Saturday night, time for a family board game. I pull out the old 1984 version of Scruples we played when I was young. In Scruples players draw a card with a dilemma on it and ask another player what they would do in that situation. The dilemmas are supposed to provoke debate, with questions on which reasonable people might be expected to disagree.
First up: “You are smoking at a meeting. Someone is coughing and showing discomfort. Do you finish your cigarette?” The children looked baffled. People smoked at work? Inside?
Then it got more disturbing:
“You are a high school head teacher. Will you hire a teacher you know is gay?”
“Your teenage daughter is dating a boy of another colour. Do you encourage her to date boys of her own race?”
“You are looking for people to share a house. A handicapped person applies. Do you tell him/her the rooms are let?”
And finally, jaw droppingly: “You suspect your neighbours are abusing their children. Your attempts to discuss it have been rebuffed. Do you notify the authorities?”
For children of the 2000s it is mind blowing that these questions could have seriously been asked. There has been a total turnaround in attitudes across so many aspects of national life. In 1983 only 41 per cent thought it was “acceptable for a homosexual person to be a teacher in a school”, now it’s 83 per cent, says NatCen Social Research. These days 89 per cent of people would be happy for their child to marry someone from another ethnic group, according to Ipsos, compared with less than half in the 1980s. By 2017 the British Social Attitudes Survey showed that 83 per cent of people thought of disabled people as “the same as everyone else”.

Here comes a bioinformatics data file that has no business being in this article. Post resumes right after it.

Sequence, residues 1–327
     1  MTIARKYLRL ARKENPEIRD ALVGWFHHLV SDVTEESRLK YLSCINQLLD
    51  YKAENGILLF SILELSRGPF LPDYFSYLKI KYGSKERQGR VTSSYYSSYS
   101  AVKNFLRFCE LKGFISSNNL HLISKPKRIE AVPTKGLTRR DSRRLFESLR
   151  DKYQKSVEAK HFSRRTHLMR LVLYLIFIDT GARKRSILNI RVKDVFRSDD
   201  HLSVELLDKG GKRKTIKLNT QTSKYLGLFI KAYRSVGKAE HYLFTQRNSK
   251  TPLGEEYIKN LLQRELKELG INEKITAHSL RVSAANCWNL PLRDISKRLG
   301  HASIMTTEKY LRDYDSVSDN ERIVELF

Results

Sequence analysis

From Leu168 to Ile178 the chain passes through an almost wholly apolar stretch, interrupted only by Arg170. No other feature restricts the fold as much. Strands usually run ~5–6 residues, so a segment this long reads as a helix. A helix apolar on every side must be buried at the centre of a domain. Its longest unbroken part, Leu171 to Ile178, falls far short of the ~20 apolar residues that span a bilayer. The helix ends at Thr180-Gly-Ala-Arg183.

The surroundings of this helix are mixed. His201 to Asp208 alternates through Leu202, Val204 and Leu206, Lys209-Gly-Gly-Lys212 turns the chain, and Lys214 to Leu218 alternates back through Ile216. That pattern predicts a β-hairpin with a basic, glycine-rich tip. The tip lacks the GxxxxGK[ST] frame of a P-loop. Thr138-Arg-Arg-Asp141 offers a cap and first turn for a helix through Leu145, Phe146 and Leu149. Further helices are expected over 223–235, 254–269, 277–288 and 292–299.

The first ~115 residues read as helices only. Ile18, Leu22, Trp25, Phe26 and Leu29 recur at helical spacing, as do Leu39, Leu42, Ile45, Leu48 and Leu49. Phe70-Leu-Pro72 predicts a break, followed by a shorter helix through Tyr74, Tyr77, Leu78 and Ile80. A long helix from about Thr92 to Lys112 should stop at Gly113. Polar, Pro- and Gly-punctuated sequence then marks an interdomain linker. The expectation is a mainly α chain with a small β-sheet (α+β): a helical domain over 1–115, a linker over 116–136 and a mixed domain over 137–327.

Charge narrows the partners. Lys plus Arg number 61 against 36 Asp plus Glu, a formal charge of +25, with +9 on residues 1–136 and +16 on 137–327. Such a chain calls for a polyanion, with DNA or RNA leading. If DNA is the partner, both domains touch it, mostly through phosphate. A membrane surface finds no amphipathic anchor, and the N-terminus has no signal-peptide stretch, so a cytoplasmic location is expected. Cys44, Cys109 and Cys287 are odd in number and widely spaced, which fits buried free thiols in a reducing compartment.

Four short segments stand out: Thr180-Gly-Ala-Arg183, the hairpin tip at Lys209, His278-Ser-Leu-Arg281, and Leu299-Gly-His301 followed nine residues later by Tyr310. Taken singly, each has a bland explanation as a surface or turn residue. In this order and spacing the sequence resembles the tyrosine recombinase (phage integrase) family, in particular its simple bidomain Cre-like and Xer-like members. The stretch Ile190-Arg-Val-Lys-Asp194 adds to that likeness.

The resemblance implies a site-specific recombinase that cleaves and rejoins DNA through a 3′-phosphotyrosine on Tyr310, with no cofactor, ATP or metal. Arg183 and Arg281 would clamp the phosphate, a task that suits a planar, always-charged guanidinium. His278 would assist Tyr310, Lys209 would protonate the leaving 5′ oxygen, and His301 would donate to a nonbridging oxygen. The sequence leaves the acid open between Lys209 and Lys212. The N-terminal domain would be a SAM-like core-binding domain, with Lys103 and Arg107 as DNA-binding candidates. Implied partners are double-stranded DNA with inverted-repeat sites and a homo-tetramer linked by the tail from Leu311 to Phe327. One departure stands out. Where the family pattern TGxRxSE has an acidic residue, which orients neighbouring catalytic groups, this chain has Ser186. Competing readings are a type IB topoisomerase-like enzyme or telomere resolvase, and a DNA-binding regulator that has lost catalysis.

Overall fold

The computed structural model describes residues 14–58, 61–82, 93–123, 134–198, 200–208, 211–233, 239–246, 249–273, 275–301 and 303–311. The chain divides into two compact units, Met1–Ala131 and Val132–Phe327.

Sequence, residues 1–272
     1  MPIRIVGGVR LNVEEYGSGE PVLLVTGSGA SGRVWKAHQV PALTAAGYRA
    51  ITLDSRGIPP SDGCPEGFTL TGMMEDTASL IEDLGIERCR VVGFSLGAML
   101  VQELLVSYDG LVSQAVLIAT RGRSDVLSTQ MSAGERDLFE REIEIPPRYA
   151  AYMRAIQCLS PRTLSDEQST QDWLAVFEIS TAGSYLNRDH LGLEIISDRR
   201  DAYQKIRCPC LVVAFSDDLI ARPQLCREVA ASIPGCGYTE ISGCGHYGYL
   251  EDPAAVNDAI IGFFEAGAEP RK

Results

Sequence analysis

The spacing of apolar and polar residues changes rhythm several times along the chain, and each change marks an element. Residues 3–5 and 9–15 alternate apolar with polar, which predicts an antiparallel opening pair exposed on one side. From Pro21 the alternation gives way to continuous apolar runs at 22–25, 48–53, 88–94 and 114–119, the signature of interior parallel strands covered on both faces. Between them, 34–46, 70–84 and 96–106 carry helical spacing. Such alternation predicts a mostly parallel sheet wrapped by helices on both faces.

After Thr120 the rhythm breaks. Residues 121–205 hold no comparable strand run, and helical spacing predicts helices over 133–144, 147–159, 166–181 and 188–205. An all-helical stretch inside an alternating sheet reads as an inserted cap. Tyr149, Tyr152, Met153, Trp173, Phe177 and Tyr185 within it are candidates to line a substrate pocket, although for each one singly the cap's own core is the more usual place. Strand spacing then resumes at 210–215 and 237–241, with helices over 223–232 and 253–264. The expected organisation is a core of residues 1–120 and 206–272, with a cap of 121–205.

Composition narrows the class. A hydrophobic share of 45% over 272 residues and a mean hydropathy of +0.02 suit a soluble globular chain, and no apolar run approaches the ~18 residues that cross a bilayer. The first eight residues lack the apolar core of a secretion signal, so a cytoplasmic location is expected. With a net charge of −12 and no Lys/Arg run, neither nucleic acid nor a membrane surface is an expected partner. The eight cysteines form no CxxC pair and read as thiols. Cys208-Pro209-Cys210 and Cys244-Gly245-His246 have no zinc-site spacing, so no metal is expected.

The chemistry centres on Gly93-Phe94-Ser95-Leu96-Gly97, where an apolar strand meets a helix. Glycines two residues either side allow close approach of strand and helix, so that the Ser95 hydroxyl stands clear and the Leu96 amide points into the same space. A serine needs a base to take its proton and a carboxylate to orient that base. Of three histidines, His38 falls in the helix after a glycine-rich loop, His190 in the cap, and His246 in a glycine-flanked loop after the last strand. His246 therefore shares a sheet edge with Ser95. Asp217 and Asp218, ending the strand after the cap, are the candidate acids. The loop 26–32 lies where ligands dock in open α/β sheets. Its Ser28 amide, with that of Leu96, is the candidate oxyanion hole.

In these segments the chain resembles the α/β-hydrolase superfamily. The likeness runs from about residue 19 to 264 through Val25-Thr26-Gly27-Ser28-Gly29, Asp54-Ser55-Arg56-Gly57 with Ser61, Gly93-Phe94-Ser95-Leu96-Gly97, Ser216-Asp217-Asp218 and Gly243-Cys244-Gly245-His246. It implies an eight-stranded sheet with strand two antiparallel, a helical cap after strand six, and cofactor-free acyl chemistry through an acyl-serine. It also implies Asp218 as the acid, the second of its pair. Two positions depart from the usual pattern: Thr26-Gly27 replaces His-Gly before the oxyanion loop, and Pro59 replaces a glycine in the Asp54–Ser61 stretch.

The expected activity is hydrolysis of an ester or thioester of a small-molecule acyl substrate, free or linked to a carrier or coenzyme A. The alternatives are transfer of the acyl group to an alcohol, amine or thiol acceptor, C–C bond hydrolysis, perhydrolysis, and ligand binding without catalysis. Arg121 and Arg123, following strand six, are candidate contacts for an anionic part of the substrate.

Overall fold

The picture isn’t all rosy, of course. For starters, we’ve not attained 100 per cent on any of these statistics. People from ethnic minority groups still have to send in an estimated 60 per cent more applications than a white British person to get a response from an employer. In 2017 Stonewall found that one in five LGBT people had experienced a hate crime or incident due to their sexuality or gender identity. Between 2015 and 2018 there were 52 000 disability-motivated hate crimes a year in England and Wales.
But when we focus only on the battles yet to be won, we risk forgetting just how far we have come. So often, conservatives complain that the left acts as though Britain is a terrible place to be for minorities and the marginalised, as though societal attitudes haven’t come on significantly over the last few decades. That feels like a slight mischaracterisation of a desire among progressives to simply see us do better, and to hold institutions to account. But they have a point: it doesn’t all have to feel quite so dreary. There is the risk we become despondent and forget that our efforts can lead to great leaps in progress.
So, take heart. Cheer up. Chill out with a nice board game. But if it’s an old one I recommend checking the questions before you sit down with the kids.